Entity Framework Core can access many different databases through plug-in libraries called database providers.
EF Core providers are built by a variety of sources. Not all providers are maintained as part of the Entity Framework Core Project. When considering a provider, be sure to evaluate quality, licensing, support, etc. to ensure they meet your requirements. Also make sure you review each provider's documentation for detailed version compatibility information.
EF Core providers typically work across minor versions, but not across major versions. For example, a provider released for EF Core 2.1 should work with EF Core 2.2, but will not work with EF Core 3.0.
Adding a database provider to your application
Most database providers for EF Core are distributed as NuGet packages, and can be installed as follows:
Once installed, you will configure the provider in your
DbContext, either in the
OnConfiguring method or in the
AddDbContext method if you are using a dependency injection container.
For example, the following line configures the SQL Server provider with the passed connection string:
Database providers can extend EF Core to enable functionality unique to specific databases.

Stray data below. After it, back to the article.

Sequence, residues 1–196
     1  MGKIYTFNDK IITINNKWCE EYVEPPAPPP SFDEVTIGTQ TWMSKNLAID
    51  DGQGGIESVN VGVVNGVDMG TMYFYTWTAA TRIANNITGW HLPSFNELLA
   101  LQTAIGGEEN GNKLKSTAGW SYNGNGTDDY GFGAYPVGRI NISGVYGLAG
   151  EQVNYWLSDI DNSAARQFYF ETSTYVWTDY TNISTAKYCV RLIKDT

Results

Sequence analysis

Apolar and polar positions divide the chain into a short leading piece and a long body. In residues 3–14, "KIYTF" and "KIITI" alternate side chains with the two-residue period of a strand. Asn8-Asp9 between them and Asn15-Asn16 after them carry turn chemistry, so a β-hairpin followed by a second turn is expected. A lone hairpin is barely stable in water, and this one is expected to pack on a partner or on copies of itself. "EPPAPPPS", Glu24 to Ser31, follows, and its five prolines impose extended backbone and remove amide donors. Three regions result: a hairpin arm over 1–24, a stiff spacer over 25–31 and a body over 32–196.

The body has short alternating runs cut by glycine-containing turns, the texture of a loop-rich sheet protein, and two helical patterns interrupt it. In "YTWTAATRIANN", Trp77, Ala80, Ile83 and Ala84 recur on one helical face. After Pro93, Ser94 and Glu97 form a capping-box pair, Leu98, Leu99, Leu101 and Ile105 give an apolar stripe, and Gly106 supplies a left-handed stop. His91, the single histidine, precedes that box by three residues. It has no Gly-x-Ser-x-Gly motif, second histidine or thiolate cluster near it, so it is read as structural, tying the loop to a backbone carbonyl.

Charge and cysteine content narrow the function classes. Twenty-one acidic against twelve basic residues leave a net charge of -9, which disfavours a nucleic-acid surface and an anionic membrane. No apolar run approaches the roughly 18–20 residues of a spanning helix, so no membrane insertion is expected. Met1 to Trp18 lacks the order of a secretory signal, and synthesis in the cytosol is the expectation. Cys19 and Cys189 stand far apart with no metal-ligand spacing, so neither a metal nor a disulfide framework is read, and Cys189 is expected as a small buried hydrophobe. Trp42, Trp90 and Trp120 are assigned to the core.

Some concepts are common to most databases, and are included in the primary EF Core components.
Such concepts include expressing queries in LINQ, transactions, and tracking changes to objects once they are loaded from the database.
Some concepts are specific to a particular provider.
For example, the SQL Server provider allows you to configure memory-optimized tables (a feature specific to SQL Server).
Other concepts are specific to a class of providers.
For example, EF Core providers for relational databases build on the common
Microsoft.EntityFrameworkCore.Relational library, which provides APIs for configuring table and column mappings, foreign key constraints, etc.
Providers are usually distributed as NuGet packages.
When a new patch version of EF Core is released, it often includes updates to the
When you add a relational database provider, this package becomes a transitive dependency of your application.
But many providers are released independently from EF Core and may not be updated to depend on the newer patch version of that package.
In order to make sure you will get all bug fixes, it is recommended that you add the patch version of
Microsoft.EntityFrameworkCore.Relational as a direct dependency of your application.